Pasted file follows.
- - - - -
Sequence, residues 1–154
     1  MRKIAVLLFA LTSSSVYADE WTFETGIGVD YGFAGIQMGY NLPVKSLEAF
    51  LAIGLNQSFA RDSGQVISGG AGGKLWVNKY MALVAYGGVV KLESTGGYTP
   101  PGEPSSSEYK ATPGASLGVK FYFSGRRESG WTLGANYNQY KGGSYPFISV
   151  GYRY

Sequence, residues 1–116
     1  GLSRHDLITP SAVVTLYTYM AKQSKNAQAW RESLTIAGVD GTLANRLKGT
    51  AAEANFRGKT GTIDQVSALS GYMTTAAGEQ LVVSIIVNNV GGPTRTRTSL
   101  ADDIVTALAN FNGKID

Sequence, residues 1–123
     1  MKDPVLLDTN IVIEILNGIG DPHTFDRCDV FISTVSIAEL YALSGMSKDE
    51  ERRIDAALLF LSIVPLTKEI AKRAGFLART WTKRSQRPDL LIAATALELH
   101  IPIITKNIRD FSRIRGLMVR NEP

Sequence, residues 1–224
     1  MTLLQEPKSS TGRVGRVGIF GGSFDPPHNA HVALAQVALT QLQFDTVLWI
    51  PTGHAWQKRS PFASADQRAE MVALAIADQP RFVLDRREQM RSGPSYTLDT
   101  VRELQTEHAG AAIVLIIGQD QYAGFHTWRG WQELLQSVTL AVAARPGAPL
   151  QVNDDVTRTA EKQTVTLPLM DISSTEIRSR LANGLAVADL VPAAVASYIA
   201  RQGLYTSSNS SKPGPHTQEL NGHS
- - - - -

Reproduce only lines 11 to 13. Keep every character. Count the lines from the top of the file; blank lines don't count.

     1  MKDPVLLDTN IVIEILNGIG DPHTFDRCDV FISTVSIAEL YALSGMSKDE
    51  ERRIDAALLF LSIVPLTKEI AKRAGFLART WTKRSQRPDL LIAATALELH
   101  IPIITKNIRD FSRIRGLMVR NEP